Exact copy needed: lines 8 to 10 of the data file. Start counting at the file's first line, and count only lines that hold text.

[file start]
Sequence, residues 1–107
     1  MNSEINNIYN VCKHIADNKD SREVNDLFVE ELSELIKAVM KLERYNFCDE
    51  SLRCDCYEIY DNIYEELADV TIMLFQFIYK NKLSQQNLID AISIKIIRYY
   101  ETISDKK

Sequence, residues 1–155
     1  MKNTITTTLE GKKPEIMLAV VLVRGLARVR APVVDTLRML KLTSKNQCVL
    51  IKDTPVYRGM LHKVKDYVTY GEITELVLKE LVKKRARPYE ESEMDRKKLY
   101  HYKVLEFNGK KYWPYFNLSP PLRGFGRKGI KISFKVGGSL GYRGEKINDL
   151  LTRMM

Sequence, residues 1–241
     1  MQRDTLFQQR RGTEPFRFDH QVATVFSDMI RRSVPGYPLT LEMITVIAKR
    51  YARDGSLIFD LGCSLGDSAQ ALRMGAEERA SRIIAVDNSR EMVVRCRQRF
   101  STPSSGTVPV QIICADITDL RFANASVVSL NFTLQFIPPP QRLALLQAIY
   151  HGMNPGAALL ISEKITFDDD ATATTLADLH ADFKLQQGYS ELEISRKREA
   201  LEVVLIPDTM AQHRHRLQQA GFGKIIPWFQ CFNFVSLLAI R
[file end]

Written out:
   101  HYKVLEFNGK KYWPYFNLSP PLRGFGRKGI KISFKVGGSL GYRGEKINDL
   151  LTRMM

Sequence, residues 1–241